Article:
JRF response to Food Foundation and Trussell Trust reports on food poverty

Responding to the publication of the Food Foundation’s Children’s Future Food Inquiry and the Trussell Trust’s annual food bank data, Campbell Robb, Chief Executive of the independent Joseph Rowntree Foundation, said:

“It is just wrong that in our society a growing number of people, including children, are going hungry because of our consistent failure to get to grips with poverty. When the use of food banks reaches a record high we are beyond the language of warning signs and wake up calls. Unless we take bold action to solve poverty we risk undermining what we stand for as a country.

“None of us want to live in a country where a child’s health, education and future prospects are restricted because their family is locked in poverty. But this is far too often the reality across the UK. If we are to build a compassionate and just society we must work together to act on the concerns of families struggling to make ends meet.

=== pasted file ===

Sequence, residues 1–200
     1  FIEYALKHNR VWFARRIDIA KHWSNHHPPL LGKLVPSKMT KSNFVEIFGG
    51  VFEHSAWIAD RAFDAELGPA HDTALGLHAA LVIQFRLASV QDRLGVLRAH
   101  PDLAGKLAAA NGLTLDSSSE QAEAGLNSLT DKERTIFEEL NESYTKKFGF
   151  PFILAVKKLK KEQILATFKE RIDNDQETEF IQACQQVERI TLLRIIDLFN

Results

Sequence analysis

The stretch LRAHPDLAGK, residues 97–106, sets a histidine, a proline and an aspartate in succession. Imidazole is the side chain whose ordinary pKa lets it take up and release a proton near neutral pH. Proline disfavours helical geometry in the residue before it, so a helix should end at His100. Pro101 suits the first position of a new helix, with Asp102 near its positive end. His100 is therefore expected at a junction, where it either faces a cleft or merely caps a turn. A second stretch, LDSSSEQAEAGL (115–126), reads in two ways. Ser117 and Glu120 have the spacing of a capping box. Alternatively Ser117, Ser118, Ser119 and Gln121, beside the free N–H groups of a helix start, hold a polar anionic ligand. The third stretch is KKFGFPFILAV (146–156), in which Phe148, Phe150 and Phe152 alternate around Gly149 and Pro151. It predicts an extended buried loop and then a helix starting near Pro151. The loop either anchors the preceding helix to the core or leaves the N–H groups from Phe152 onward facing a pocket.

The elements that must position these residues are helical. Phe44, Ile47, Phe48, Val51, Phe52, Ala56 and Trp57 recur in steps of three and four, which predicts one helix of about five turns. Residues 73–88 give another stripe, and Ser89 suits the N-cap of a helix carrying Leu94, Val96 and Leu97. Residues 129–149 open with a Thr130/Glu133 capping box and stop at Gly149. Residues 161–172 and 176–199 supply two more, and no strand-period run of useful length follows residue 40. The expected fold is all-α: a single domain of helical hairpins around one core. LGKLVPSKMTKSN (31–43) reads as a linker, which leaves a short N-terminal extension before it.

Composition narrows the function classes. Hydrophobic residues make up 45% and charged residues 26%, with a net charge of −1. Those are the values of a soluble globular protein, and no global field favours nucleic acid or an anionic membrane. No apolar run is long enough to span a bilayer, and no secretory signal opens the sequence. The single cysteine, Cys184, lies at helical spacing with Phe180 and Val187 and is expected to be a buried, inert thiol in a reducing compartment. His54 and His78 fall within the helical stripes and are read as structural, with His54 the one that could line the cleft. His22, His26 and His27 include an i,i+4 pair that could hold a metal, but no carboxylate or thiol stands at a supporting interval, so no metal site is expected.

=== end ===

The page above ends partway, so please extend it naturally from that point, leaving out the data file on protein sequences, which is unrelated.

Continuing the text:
“Low pay, insecure work, high cost of living, especially housing, and an ineffective social security system are holding people back from a decent life. At a time when we are deciding the future of our country we must redesign the systems that lock so many people in poverty.”

To stem the rise in poverty, JRF is calling for reforms to social security, housing and the jobs market so more people can build a better life. It recommends:

  • Reforming Universal Credit to ensure it more effectively loosens the grip of poverty on families. This requires action to ensure people receive support faster and that the amount they receive properly covers the prices they have to pay
  • We need to see at least 90,000 low-cost rented homes built each year so everyone can access a decent, stable and affordable home
  • The Government should invest in places where people are locked out of opportunity by giving local leaders the funding and tools they need to help deliver more jobs with better pay